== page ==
God is One yet He is also three. This is the majesty and mystery we call The Trinity. God is One and God is relationship. He exists in relationship as The Father, The Son, and the Holy Spirit. Stephen Saemunds in his book Ministry in the Image of God: The Trinitarian Shape of Christian Service draws from the Gospel of John to unpack the loving and working relationship that exists between The Father, The Son, and The Holy Spirit. He says that 4 things are evident in the character and nature of the Trinitarian relationship:

The Father, The Son, and The Spirit each have separate identities and roles but each of them treat one another with full and mutual equality.

We see glad submission to one another in the way that The Son “who, being in very nature God, did not consider equality with God something to be used to his own advantage” but submitted to the will of the Father and willingly went to the cross.

John 1:18 declares that Jesus is Father’s only Son and is “close to the Father’s heart” and in John 10:30 Jesus says that he and the Father “are One.”

John 3:35 tells us that The Father loves the Son and, even though He created all things, The Father “has placed everything in (Jesus’) hands.”

All of this to say:

The way that God exists in relationship has great implications for how we ought to live in relationship with one another. 

Imagine the impact in our churches and in the culture if we reflected these characteristics in our relationships with one another. Genesis 1:26-27 tells us that we have been made in the image of God. What if we really lived out this calling embedded deep within our DNA by the God of relationship who exists in relationship?

Imagine if we treated everyone around us with Full EQUALITY seeing everyone as a person created by God in the image of God.

Imagine living in Glad SUBMISSION to one another and doing away with selfish living and self-serving decision making.

Imagine what Joyful INTIMACY would look like as we draw closer to the ideal of enjoying unbroken and joyful fellowship together.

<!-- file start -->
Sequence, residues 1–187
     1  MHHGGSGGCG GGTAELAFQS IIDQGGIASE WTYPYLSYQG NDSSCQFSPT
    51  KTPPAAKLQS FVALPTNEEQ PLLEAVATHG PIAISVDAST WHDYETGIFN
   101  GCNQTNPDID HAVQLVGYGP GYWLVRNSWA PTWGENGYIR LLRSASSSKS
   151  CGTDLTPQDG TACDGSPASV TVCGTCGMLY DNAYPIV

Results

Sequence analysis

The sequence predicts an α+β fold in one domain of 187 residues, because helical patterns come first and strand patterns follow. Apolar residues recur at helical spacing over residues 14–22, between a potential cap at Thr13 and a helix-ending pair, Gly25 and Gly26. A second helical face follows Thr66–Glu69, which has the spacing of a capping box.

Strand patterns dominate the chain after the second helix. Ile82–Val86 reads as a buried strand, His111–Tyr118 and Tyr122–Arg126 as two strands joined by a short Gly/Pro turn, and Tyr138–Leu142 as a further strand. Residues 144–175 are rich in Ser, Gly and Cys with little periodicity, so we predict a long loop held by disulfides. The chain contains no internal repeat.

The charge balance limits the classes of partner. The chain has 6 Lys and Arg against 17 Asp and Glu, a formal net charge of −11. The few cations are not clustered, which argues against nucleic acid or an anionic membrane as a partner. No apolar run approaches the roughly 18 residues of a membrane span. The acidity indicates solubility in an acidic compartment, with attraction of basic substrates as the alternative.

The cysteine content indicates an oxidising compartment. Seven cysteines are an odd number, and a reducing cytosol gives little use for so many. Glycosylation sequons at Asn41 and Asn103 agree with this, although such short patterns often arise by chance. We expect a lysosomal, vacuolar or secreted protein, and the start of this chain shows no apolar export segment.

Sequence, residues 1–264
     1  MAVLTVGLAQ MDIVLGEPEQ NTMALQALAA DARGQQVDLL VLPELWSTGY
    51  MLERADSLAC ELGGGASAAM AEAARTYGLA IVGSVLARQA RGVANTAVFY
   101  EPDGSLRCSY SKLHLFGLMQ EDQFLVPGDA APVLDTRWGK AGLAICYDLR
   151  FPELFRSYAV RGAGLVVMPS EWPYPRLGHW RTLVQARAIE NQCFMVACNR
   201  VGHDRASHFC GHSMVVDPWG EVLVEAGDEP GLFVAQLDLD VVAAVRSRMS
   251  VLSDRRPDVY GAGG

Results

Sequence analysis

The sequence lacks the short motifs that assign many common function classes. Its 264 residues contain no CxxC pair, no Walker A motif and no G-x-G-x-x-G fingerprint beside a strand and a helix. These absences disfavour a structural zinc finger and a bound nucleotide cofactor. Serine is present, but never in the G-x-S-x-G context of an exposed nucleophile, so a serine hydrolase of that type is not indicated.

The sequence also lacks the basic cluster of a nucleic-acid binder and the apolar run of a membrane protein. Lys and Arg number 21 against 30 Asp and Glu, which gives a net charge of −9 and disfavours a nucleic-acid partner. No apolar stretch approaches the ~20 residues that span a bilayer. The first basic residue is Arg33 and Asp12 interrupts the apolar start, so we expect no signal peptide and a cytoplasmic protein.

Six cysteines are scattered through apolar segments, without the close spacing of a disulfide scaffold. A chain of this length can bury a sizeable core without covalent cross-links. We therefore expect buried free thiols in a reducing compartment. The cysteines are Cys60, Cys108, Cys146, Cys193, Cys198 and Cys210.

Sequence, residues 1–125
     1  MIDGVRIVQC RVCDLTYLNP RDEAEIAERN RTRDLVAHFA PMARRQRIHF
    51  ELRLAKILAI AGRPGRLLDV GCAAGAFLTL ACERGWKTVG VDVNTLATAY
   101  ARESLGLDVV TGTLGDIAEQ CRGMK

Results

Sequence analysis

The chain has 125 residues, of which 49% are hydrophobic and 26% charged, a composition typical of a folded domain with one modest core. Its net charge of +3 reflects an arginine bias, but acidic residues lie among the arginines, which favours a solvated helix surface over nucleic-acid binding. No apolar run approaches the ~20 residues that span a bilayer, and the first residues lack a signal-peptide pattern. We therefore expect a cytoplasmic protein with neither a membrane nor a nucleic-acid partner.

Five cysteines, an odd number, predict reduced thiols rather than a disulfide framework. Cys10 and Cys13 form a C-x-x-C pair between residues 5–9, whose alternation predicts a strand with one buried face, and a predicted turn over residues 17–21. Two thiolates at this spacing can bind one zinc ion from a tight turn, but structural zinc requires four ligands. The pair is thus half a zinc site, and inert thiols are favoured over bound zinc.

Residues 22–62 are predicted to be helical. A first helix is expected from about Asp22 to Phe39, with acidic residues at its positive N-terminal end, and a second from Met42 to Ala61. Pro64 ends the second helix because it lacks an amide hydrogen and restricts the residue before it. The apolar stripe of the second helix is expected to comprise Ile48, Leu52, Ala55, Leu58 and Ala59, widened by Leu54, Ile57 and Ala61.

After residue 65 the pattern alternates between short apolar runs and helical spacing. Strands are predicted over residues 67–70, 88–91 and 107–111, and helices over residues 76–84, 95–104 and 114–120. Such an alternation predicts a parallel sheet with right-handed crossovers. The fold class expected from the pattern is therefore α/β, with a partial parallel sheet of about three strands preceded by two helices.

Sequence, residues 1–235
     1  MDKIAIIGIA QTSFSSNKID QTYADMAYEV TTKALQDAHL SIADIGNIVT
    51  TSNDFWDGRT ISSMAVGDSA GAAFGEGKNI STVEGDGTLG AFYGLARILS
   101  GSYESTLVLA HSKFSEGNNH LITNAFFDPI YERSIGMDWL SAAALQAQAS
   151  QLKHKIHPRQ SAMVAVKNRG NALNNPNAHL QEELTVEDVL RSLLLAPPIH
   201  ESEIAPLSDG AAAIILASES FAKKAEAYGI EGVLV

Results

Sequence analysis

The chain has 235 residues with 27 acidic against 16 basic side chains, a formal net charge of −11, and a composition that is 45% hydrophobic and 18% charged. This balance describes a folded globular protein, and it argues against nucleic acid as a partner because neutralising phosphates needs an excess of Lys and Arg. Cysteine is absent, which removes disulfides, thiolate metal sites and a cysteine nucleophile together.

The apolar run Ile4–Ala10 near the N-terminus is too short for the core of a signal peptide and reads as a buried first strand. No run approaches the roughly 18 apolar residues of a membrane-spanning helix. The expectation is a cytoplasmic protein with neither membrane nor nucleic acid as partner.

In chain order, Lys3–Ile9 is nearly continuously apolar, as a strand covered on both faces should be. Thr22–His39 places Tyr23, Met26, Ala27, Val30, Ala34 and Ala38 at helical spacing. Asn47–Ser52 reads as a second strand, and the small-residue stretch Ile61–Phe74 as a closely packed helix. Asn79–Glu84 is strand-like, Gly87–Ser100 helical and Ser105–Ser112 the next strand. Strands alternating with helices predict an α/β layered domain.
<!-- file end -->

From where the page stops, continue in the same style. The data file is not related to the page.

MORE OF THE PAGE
In a world devoid of honor and humility, imagine what would happen if we lived in Mutual DEFERENCE to one another setting aside our own preferences for the sake of others.

There is hope.

Recently Barna released results from a survey that said 73% of US adults believe that the church has a role to play in racial reconciliation. 73% of the country is looking to God’s people to reflect God in relationship and point the way to life in the midst of a desperate and dying world.


2 Corinthians 3:17-18 says, “Now the Lord is the Spirit, and where the Spirit of the Lord is, there is freedom. And we all, who with unveiled faces contemplate the Lord’s glory, are being transformed into his image with ever-increasing glory, which comes from the Lord, who is the Spirit.”

It is time for us to reflect to goodness and the glory of The Father, The Son, and The Spirit and to make a difference in this world.

It’s time to shine, Church!

The Difference


I want to write.

There I said it.

I want to write books and challenge people’s thinking and encourage their hearts to live lives of greatness and significance.

I want to write to challenge and change.

There is a difference in saying and doing. In wanting and producing.

The difference is in the DISCIPLINE.